by Special Correspondent Nadra Kareem
As the U.S. launched its specious war on terrorism, George Bush wrangled away another presidential election, a stunned nation took in the aftermath of Hurricane Katrina and miraculously a biracial senator from Illinois rose to prominence, the absence of one of the music scene’s most influential voices has been sorely missed. Nasal but vitriolic, guttural but lucid, that voice taught me that “anger is a gift” and to cry to the powers that be, “Fuck you, I won’t do what you tell me.”
If you’re still in the dark about the voice in question, it belongs to former Rage Against the Machine front man Zack de la Rocha.
The group, a rap-rock hybrid with socially conscious lyrics, split in 2000 over musical and personal differences. Guitarist Tom Morello, whose life parallels Barack Obama’s in a way that’s uncanny,* wanted to take the group in a more rock-oriented direction, while de la Rocha sought to explore hip-hop, electronica and other music styles. For fans of de la Rocha, the past eight years have left a tremendous void.
The remaining members of Rage Against the Machine went on to form Audioslave with former Soundgarden singer Chris Cornell, but, with the exception of a single called “March of Death,” we’ve heard little from de la Rocha. There were rumors that he’d recorded hundreds of tracks, but perfectionism kept him from releasing them. Other rumors indicated that de la Rocha had become a recluse or—gasp!—had been fatally gunned down. When Rage Against the Machine reunited at the Coachella Valley Music and Arts Festival in California last year, the second bunch of rumors were obviously put to bed. But, because none of the dozens of tracks de la Rocha had supposedly recorded on his own were being released, questions lingered about his solo project. Was it ever to be released? Was there really a solo project at all?
The answer is yes and no. On July 22nd, de la Rocha released his first project sans Rage Against the Machine in years, but it’s not a solo venture. It features him on vocals and keyboards and former Mars Volta member Jon Theodore on drums. The duo is going by the name “One Day as a Lion,” and their EP bears the same name. The first single, “Wild International,” which you can hear by visiting this site, is already receiving airplay. And, with opening line, “They say that in war that truth be the first casualty,” the single leaves little doubt that de la Rocha has kept his political edge.
Why one would doubt that de la Rocha would continue writing politically-charged lyrics remains to be seen. This is the man who made issues of social justice come to life in his lyrics, with allusions to everything from the Zapatista uprising, the colonization of the Americas, apartheid in South Africa, the assassinations of Martin Luther King and Malcolm X, environmental racism via the use of DDT in communities of color and much more.
This is the man who cried, “So now I’m rollin’ down Rodeo wit a shotgun. These people ain’t seen a brown skin man since their grandparents bought one.”
Yet, when Rage Against the Machine was in its heyday, the mainstream press took particular joy in arguing that the band’s fans didn’t “get” the lyrics. Instead, they simply enjoyed thrashing around to angry music. The press’s insistence that Rage’s lyrics and activism were irrelevant, that art is powerless to effect social change, always rankled me. For one, art has managed to move others to social activism for centuries. Secondly, I myself was a case in point that the band could have a profound impact on political development. In college, I became involved with activist organizations such as Refuse & Resist as a direct result of my exposure to Rage. Had I not become familiar with the band, I’m not sure that I would have been motivated to put into practice some of the political beliefs that I was exposed to in the classroom, let alone bring activists to campus or raise funds for a range of causes.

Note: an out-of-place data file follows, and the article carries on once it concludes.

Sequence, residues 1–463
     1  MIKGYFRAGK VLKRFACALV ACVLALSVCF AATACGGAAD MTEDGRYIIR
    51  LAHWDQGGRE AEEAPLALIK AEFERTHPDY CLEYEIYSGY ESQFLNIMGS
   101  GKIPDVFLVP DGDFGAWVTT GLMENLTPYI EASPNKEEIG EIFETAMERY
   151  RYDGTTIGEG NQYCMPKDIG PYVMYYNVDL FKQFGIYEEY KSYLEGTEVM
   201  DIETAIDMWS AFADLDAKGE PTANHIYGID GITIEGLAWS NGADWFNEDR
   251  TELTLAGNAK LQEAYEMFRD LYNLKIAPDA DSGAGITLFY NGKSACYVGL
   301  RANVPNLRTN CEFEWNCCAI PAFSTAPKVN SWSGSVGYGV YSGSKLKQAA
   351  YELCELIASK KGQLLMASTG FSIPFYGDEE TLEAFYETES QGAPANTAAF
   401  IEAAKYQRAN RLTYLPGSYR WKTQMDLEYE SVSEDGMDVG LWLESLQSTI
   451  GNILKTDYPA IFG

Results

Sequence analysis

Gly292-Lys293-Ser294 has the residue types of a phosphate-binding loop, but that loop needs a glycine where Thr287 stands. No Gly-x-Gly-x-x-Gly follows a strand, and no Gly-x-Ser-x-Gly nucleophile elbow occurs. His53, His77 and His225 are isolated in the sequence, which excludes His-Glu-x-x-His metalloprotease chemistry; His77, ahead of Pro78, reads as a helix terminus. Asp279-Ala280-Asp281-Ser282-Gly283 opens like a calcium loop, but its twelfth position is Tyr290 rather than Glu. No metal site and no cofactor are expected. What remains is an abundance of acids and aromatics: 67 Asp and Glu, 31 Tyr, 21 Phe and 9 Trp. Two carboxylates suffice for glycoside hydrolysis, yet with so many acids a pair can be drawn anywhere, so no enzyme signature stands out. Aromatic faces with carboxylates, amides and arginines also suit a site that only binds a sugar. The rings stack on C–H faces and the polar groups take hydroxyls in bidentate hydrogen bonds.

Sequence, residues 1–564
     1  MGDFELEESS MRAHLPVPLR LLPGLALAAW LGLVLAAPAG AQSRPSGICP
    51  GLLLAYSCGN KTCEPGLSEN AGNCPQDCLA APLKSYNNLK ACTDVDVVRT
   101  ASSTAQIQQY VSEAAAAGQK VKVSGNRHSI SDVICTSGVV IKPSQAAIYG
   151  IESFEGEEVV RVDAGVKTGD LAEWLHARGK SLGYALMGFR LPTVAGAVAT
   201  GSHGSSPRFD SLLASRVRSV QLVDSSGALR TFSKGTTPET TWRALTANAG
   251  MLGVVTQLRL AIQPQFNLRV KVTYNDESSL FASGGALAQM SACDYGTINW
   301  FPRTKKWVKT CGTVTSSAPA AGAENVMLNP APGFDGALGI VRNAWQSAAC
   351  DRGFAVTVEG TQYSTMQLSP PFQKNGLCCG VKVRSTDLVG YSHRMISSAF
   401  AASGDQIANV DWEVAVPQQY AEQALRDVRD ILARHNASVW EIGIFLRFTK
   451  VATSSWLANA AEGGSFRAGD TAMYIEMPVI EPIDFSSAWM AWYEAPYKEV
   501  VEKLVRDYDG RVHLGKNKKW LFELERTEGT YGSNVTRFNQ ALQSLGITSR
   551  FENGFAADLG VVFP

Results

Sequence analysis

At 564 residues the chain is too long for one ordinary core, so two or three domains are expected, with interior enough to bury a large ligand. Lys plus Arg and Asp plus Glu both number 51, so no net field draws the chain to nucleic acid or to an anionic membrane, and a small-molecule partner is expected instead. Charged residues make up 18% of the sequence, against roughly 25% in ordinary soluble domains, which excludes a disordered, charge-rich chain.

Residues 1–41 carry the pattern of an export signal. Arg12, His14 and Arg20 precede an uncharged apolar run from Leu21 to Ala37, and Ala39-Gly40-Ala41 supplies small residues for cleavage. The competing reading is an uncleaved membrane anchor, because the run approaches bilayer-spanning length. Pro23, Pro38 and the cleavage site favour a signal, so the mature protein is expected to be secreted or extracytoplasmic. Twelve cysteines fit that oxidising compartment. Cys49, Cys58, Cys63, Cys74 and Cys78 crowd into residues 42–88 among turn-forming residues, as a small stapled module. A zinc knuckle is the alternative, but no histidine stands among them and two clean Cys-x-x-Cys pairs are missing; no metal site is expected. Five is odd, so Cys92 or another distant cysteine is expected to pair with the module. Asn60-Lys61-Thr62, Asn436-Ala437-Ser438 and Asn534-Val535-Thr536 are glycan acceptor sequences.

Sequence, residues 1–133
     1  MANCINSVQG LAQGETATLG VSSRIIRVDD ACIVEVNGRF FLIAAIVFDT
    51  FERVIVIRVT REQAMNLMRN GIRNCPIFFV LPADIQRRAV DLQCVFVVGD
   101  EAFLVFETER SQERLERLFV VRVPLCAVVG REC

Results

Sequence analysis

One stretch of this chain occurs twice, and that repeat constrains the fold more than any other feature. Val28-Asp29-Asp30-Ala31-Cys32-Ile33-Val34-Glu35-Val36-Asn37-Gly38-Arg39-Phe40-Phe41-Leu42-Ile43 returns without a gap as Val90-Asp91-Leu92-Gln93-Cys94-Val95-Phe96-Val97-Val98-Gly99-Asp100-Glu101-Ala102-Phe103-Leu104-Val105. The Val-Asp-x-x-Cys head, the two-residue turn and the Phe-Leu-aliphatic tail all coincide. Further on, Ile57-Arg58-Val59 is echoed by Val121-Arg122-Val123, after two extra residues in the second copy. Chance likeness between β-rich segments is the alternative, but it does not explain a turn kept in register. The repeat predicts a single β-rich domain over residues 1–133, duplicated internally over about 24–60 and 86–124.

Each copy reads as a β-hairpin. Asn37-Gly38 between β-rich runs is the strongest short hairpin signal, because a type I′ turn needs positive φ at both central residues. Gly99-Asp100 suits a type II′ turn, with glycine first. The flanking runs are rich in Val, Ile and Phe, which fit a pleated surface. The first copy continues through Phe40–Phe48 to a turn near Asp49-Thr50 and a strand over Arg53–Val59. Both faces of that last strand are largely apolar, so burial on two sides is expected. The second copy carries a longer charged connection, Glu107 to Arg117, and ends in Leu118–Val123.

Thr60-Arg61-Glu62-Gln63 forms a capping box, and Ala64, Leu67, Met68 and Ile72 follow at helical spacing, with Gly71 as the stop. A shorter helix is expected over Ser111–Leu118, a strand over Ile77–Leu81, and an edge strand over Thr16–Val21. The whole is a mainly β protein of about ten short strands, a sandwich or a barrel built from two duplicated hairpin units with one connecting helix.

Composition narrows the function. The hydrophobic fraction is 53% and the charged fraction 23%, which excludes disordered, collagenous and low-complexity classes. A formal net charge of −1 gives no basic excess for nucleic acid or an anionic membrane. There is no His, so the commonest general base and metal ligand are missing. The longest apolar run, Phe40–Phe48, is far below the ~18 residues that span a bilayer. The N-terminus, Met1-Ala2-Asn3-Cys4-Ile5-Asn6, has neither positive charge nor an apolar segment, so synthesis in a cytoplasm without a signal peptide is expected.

Now that de la Rocha is back, I’m hoping that a new generation of young people will be similarly motivated to make a political impact on their communities. This time around, de la Rocha may be without Morello on guitar, but, in Jon Theodore, he has found another virtuoso musician. The half-Haitian drummer has studied percussion in his father’s native land and sees drumming not only as a way to make beats but as a way to call forth ancestors also. For Theodore, drumming is in essence a spiritual exercise. For, de la Rocha, who grew up alienated as a Chicano kid in largely white and conservative Orange County, music is a vehicle to express one’s rage at the establishment and those—be they teachers, colonizers or corporations—bent on upholding its tenets. Together, Theodore and de la Rocha are sure to wow, and I’m eager to see what influence their collaboration will have on audiences.
*Like Barack Obama, Tom Morello is the son of a white mother and a Kenyan father. Just as Obama’s father was a respected figure in the country, Morello’s father garnered respect for his role in Kenya’s Mau Mau Rebellion. Like Obama, Morello attended Harvard University and, following graduation, set out to pursue a career in politics. After working for a U.S. senator, Morello ultimately decided that he wasn’t comfortable with politics as a career path and launched a music career. Lastly, both Obama and Morello have ties to Illinois. The former is a transplant who married into a Chicago family; the latter grew up in a Chicago suburb. Here is a link to a transcript of Morello’s appearance on “Tavis Smiley” last year in which Morello discusses the parallels between his life and Obama’s.
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